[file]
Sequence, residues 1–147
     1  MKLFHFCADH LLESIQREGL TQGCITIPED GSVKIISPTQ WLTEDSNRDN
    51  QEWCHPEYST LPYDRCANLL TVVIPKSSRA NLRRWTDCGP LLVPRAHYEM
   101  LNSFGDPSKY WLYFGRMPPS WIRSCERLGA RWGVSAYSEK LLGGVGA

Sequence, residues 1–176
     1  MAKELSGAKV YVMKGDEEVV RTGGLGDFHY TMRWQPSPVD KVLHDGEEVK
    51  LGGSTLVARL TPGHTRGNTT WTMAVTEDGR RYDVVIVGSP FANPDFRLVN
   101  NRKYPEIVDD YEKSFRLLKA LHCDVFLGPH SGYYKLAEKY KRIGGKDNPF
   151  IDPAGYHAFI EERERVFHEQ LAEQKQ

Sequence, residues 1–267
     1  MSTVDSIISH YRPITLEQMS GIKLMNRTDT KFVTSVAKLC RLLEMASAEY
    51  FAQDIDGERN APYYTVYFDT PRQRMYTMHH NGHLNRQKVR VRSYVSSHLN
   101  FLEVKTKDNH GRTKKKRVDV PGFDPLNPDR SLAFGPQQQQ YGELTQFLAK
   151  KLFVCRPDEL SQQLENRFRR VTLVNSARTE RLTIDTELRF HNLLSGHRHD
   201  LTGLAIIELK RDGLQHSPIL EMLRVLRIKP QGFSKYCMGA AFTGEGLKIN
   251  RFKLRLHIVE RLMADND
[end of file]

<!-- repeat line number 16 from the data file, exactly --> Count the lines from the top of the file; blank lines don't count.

   251  RFKLRLHIVE RLMADND